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Ellis, Richard S.;
Broadhurst, Thomas J.;
Heyl, Jeremy S.;
We present a detailed determination of the rest frame B-band galaxy luminosity function (LF) as a function of redshift and star formation activity from z = 0 to 2 < 0.75. The data set used for this purpose is a composite sample of over 1700 redshifts spanning a wide range in apparent magnitude, 11.5 < bJ < 24.0, which we term the Autofib Redshift Survey. The sample includes various earlier magnitude-limited surveys constructed by our team, as well as a new survey of 1026 redshifts measured for galaxies at intermediate magnitudes. Spectral classifications, essential for estimating the k-corrections and galaxy luminosities, are accomplished via cross-correlation with Kennicutt's library of integrated galaxy spectra. The various overlapping surveys in the sample enable us to assess the effects of redshift incompleteness. We demonstrate that uncertainties in classification and those arising from incompleteness do not seriously affect our conclusions. The large range in apparent magnitude sampled allows us to investigate both the nature of the LF at low redshifts (z < 0.1) and the possible evolution in its shape to z = 0.75. We find that earlier bright surveys have underestimated the absolute normalization of the LF. Because the shape of the local LF does not change with the apparent-magnitude limit of the survey, it seems unlikely that the local deficiency arises from an underestimated population of low-luminosity galaxies. Furthermore, surface-brightness losses cannot be significant unless they conspire to retain the LF shape over a variety of detection thresholds. Our data directly demonstrate that the B-band LF evolves with redshift. This evolution is best represented as a steepening of the faint-end slope of the LF, from α < -1.1 at low redshift to α < -1.5 at z < 0.5. Using [O II] emission as an indicator of star-formation activity, we show that the LF of quiescent galaxies has remained largely unchanged since z < 0.5, whereas the luminosity density of star-forming galaxies has declined by more than 50 per cent. The steepening of the overall LF with look-back time is of the form originally postulated by Broadhurst, Ellis & Shanks and is a direct consequence of the increasing space density of blue star-forming galaxies at moderate redshifts.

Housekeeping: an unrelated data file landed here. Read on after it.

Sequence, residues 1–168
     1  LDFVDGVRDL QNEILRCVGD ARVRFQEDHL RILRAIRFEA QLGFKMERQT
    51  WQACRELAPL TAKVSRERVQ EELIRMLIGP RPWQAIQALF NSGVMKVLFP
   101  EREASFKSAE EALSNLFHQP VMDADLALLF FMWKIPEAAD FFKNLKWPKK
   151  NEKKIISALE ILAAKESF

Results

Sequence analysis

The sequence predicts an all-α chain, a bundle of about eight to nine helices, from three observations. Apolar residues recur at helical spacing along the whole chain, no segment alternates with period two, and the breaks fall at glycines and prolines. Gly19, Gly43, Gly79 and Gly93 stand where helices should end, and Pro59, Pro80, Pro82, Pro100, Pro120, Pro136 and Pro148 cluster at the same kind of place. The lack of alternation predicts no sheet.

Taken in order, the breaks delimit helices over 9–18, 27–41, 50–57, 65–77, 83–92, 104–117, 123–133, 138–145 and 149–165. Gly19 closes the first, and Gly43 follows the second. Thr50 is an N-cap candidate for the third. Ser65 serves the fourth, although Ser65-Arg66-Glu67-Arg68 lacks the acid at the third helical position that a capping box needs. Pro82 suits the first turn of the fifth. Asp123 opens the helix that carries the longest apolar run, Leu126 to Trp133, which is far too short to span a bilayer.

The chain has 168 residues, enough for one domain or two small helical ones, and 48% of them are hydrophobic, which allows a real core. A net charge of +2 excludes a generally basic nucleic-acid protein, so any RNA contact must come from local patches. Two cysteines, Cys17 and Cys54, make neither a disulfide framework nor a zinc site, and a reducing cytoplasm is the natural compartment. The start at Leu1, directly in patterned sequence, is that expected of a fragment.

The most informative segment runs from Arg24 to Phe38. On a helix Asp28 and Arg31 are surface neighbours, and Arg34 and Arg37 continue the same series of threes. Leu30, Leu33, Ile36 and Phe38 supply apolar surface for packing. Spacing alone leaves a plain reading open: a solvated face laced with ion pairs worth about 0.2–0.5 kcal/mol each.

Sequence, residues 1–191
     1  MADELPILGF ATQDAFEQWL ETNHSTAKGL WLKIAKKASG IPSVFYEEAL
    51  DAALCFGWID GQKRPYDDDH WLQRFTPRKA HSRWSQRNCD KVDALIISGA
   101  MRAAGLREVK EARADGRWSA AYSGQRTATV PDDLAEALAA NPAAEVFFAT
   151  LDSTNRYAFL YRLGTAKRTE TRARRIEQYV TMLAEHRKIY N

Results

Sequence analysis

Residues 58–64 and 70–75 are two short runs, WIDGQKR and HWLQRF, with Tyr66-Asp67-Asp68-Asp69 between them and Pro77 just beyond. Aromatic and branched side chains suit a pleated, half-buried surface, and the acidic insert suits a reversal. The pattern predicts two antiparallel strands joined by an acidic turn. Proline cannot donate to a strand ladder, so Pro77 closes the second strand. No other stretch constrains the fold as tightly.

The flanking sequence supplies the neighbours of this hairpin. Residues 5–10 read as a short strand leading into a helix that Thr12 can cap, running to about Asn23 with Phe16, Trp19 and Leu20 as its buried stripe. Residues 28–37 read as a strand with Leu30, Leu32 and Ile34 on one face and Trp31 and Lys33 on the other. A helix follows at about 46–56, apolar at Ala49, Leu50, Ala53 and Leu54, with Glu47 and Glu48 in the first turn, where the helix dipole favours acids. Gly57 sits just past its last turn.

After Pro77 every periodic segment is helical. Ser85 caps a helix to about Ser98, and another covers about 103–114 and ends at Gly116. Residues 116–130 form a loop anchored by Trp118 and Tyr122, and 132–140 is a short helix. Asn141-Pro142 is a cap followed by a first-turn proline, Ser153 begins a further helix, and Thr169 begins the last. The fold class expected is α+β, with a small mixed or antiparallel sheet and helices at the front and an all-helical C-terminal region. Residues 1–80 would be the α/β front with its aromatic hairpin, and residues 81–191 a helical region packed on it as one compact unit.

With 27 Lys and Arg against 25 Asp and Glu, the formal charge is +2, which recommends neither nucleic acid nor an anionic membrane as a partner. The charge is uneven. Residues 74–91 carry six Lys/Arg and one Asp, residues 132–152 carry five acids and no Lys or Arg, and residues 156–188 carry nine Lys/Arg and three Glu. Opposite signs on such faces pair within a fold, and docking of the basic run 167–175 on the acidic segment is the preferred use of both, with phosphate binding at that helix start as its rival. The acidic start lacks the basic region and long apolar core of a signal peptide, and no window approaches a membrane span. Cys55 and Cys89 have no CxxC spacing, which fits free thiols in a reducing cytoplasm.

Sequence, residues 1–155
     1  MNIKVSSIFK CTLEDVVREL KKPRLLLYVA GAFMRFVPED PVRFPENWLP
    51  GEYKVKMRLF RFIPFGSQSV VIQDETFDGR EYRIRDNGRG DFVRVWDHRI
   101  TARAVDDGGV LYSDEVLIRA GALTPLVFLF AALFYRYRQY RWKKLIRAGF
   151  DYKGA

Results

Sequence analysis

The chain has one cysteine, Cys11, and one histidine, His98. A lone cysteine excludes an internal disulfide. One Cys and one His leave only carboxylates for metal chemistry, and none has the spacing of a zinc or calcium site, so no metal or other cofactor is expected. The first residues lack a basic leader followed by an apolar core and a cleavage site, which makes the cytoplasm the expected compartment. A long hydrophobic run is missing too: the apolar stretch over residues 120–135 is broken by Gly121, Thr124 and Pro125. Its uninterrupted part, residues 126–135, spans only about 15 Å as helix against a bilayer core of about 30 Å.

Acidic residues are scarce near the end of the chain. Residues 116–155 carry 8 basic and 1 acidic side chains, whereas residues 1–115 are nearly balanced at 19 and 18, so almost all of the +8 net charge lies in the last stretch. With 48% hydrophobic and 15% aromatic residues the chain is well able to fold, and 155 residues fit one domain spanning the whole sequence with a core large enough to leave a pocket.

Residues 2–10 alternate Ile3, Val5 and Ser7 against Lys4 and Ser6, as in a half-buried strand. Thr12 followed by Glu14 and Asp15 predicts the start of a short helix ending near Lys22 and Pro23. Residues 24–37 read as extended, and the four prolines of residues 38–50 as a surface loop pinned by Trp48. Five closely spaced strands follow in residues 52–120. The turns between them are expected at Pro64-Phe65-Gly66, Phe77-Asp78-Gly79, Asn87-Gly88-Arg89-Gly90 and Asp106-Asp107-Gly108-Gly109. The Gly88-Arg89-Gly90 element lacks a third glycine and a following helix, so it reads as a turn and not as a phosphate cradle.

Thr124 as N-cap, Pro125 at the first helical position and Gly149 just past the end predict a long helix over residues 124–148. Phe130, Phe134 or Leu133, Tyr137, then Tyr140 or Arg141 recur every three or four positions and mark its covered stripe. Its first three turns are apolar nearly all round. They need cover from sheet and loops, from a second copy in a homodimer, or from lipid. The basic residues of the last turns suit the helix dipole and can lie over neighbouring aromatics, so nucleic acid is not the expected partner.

Monthly Notices of the Royal Astronomical Society, Vol. 280, no. 1 (May 1996), pp. 235-251
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